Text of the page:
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Asymptotic analysis of the Boltzmann–BGK equation for oscillatory flows

Published online by Cambridge University Press:  10 August 2012

Jason Nassios
Affiliation:
Department of Mathematics and Statistics, The University of Melbourne, Victoria 3010, Australia
John E. Sader*
Affiliation:
Department of Mathematics and Statistics, The University of Melbourne, Victoria 3010, Australia Kavli Nanoscience Institute and Department of Physics, California Institute of Technology, Pasadena, CA 91125, USA
*
Email address for correspondence: jsader@unimelb.edu.au

Abstract

Kinetic theory provides a rigorous foundation for calculating the dynamics of gas flow at arbitrary degrees of rarefaction, with solutions of the Boltzmann equation requiring numerical methods in many cases of practical interest. Importantly, the near-continuum regime can be examined analytically using asymptotic techniques. These asymptotic analyses often assume steady flow, for which analytical slip models have been derived. Recently, developments in nanoscale fabrication have stimulated research into the study of oscillatory non-equilibrium flows, drawing into question the applicability of the steady flow assumption. In this article, we present a formal asymptotic analysis of the unsteady linearized Boltzmann–BGK equation, generalizing existing theory to the oscillatory (time-varying) case. We consider the near-continuum limit where the mean free path and oscillation frequency are small. The complete set of hydrodynamic equations and associated boundary conditions are derived for arbitrary Stokes number and to second order in the Knudsen number. The first-order steady boundary conditions for the velocity and temperature are found to be unaffected by oscillatory flow. In contrast, the second-order boundary conditions are modified relative to the steady case, except for the velocity component tangential to the solid wall. Application of this general asymptotic theory is explored for the oscillatory thermal creep problem, for which unsteady effects manifest themselves at leading order.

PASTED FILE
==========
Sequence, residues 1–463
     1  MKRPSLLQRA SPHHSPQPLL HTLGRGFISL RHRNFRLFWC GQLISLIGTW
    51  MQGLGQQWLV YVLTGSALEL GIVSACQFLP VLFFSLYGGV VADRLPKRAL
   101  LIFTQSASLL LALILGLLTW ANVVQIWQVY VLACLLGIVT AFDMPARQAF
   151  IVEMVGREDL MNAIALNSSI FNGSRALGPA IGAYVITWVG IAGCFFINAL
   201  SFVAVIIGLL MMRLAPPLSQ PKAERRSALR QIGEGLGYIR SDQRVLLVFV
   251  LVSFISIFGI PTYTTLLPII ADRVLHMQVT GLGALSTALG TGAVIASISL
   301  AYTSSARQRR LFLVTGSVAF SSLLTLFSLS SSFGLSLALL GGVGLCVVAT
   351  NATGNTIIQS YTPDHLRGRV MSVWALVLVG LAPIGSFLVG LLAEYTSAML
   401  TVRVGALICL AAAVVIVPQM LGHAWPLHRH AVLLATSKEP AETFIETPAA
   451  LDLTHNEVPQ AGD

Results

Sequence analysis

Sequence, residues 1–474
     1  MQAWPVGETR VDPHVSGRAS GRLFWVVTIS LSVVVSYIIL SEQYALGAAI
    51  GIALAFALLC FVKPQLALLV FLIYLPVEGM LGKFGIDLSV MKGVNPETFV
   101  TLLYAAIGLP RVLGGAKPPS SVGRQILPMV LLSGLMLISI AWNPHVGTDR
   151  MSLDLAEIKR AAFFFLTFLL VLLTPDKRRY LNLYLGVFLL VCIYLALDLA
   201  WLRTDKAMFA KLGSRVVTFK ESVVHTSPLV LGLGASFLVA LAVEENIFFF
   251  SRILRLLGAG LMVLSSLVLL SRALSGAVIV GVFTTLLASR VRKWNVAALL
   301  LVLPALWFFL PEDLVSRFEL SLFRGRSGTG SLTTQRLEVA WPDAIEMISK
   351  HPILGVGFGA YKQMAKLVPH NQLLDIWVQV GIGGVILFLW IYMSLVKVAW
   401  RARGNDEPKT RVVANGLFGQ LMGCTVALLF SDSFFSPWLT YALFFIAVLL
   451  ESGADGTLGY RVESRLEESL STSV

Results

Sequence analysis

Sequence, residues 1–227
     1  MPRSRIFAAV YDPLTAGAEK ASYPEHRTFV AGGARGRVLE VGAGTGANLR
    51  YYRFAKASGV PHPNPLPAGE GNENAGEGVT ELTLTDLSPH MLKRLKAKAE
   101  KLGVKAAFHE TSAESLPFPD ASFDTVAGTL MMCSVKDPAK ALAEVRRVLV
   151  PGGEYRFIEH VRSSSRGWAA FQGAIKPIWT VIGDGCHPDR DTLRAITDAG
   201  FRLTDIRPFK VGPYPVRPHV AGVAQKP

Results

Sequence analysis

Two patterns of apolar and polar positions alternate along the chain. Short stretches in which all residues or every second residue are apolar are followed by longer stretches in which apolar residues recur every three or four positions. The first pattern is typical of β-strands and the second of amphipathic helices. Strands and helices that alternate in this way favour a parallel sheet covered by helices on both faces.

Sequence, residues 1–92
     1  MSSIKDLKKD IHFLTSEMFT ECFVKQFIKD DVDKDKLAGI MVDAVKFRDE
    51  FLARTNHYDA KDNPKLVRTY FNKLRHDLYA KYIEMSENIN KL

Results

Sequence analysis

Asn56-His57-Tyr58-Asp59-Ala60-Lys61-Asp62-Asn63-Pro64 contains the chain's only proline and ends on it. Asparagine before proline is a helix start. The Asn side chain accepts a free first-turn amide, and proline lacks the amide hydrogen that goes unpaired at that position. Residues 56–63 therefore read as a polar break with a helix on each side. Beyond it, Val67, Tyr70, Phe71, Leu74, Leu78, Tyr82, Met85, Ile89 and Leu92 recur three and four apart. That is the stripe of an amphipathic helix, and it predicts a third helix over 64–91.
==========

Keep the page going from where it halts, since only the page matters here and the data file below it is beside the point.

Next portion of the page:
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Copyright © Cambridge University Press 2012

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